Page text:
In ads for the event, a young man is depicted holding a gavel in one hand and a Bible in the other under the headline: "The filibuster against people of faith." The toxic text reads: "The filibuster was once abused to protect racial bias, and it is now being used against people of faith."
Not to be outdone by Frist, corrupt House Majority Leader Tom DeLay, R-Texas, spoke at a Washington conference, "Confronting the Judicial War on Faith" fronted by "The Judeo-Christian Council for Constitutional Restoration". Or is it Constitutional desecration?
For people who are so religious, why do they often appear so angry? Far from at peace, they are always at war and want to tear opponents or the Constitution to pieces.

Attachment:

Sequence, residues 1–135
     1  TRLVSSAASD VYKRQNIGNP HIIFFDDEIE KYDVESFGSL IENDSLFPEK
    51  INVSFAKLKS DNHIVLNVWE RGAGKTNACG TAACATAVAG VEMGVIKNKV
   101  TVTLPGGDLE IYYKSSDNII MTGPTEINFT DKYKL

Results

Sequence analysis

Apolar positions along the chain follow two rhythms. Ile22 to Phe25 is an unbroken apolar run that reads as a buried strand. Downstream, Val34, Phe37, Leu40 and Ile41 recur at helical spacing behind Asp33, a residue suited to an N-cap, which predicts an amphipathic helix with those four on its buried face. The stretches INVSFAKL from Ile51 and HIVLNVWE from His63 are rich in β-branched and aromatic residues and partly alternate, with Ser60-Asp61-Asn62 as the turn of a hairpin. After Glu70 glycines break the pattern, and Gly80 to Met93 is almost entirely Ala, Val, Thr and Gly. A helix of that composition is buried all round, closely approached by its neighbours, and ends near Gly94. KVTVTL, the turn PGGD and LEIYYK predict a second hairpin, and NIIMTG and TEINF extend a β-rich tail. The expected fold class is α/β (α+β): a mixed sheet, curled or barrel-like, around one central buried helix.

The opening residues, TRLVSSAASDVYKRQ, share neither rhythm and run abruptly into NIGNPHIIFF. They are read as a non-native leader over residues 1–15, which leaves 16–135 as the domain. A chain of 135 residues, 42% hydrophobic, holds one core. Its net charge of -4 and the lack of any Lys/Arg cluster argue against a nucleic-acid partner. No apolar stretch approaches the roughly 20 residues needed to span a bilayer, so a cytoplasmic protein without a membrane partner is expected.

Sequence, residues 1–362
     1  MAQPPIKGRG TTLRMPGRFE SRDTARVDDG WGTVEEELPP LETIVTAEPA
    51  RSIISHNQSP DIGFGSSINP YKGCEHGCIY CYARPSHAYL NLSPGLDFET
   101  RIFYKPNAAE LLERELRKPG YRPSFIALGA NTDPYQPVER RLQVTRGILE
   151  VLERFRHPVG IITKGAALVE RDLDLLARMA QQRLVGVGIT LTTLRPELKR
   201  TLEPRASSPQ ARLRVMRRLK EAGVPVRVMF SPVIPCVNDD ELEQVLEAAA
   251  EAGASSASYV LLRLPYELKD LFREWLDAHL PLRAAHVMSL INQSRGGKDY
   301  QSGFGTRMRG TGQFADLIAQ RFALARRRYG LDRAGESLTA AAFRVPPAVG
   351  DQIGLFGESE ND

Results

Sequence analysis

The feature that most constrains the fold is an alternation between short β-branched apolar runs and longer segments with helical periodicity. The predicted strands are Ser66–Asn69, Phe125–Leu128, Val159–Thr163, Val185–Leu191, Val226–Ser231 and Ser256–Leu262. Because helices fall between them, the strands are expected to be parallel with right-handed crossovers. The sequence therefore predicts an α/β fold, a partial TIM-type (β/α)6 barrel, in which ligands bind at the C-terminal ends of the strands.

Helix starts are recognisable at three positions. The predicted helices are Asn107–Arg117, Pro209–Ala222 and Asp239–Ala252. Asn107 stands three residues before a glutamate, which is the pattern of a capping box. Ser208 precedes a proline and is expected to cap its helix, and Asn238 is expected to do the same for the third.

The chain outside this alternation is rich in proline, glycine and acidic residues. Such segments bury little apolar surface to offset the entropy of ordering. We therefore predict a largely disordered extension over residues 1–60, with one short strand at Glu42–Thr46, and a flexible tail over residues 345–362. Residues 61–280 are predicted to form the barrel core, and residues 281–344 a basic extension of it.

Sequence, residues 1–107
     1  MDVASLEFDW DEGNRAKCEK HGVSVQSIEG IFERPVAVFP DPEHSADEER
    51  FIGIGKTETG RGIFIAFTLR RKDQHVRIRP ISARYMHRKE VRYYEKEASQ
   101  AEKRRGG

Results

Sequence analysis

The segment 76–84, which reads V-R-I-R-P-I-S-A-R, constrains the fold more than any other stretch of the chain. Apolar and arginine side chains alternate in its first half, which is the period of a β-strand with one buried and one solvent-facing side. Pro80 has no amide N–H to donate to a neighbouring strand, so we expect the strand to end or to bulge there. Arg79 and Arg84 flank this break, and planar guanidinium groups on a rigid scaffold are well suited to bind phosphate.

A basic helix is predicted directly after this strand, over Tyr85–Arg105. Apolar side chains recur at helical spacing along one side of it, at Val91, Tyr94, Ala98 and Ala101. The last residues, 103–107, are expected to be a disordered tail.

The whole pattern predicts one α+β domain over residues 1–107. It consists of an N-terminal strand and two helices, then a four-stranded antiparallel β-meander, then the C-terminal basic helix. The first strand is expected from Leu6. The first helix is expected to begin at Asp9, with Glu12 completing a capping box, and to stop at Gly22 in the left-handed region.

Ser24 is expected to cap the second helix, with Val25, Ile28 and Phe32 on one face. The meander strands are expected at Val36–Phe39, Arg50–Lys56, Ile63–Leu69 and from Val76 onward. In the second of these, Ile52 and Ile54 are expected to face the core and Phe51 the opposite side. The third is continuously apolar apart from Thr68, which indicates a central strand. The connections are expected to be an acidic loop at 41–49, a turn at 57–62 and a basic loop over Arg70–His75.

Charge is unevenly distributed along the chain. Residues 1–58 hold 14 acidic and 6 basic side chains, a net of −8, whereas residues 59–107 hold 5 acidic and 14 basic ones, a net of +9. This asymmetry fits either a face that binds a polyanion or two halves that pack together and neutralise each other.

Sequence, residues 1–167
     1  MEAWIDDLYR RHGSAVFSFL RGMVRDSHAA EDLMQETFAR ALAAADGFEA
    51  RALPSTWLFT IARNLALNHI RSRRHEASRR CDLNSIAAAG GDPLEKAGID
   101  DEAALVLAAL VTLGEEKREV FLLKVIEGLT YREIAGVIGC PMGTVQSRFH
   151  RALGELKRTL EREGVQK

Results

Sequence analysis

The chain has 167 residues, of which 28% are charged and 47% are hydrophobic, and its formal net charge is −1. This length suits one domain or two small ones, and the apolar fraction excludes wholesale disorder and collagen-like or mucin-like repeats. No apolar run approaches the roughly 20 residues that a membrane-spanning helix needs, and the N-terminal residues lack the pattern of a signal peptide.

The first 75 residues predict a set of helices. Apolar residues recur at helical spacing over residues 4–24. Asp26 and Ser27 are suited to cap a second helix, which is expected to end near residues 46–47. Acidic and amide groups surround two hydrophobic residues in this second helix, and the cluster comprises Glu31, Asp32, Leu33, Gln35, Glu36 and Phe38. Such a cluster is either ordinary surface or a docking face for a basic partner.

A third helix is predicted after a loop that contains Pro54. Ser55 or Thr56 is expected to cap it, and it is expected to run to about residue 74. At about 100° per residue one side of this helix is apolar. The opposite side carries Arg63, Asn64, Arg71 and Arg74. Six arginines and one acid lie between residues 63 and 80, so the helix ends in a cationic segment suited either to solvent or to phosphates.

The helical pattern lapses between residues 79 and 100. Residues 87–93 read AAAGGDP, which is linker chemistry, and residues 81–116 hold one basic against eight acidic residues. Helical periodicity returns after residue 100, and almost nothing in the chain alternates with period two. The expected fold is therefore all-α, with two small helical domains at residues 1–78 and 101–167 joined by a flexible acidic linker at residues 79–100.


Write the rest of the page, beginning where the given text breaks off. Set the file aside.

I don't think that most Americans realize that these coordinated, unrelenting assaults on our beloved system by Frist and DeLay are not simply business as usual, but unusual business of the most odious sort. While we enjoy the park and amble in nature, these men abuse the good, trusting nature of Americans and secretly work to dismantle our free society. They cloak their dagger in religion. However, this is not about the pious, but raw political power.
Frist's dubious actions have already made him a divisive figure who has forfeited his claim to be our future president. Instead of playing to our greater angels, he panders to petty preachers who beckon our darkest demons. His potential candidacy is short on excitement and long on incitement of disgruntled, right wing agitators.